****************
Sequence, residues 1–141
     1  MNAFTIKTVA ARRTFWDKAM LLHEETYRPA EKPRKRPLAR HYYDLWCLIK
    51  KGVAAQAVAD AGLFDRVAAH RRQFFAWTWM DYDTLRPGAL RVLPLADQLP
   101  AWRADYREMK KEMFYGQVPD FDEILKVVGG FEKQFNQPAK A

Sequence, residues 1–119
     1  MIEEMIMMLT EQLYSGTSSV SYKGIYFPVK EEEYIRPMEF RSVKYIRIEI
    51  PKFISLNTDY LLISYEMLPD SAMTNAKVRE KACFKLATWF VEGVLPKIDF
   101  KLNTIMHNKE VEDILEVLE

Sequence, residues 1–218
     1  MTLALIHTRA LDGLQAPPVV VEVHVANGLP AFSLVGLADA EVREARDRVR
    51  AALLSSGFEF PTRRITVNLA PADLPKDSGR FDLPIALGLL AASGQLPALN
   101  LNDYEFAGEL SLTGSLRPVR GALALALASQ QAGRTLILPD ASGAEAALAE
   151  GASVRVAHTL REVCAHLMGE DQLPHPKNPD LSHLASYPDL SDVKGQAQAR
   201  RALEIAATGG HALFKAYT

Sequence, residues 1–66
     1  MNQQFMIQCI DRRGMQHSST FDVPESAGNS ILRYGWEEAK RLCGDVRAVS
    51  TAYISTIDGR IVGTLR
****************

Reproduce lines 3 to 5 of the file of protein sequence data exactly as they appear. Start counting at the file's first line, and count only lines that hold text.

    51  KGVAAQAVAD AGLFDRVAAH RRQFFAWTWM DYDTLRPGAL RVLPLADQLP
   101  AWRADYREMK KEMFYGQVPD FDEILKVVGG FEKQFNQPAK A

Sequence, residues 1–119